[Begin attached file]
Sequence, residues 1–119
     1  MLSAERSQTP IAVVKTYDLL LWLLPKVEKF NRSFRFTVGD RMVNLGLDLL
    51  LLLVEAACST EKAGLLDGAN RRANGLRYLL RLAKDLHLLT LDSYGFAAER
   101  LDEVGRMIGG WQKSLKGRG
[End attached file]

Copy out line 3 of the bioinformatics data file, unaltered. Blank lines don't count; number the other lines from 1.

    51  LLLVEAACST EKAGLLDGAN RRANGLRYLL RLAKDLHLLT LDSYGFAAER